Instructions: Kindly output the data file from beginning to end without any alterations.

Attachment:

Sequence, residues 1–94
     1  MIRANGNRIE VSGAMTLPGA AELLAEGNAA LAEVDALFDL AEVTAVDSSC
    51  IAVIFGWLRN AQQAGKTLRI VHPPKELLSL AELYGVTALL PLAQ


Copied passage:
Sequence, residues 1–94
     1  MIRANGNRIE VSGAMTLPGA AELLAEGNAA LAEVDALFDL AEVTAVDSSC
    51  IAVIFGWLRN AQQAGKTLRI VHPPKELLSL AELYGVTALL PLAQ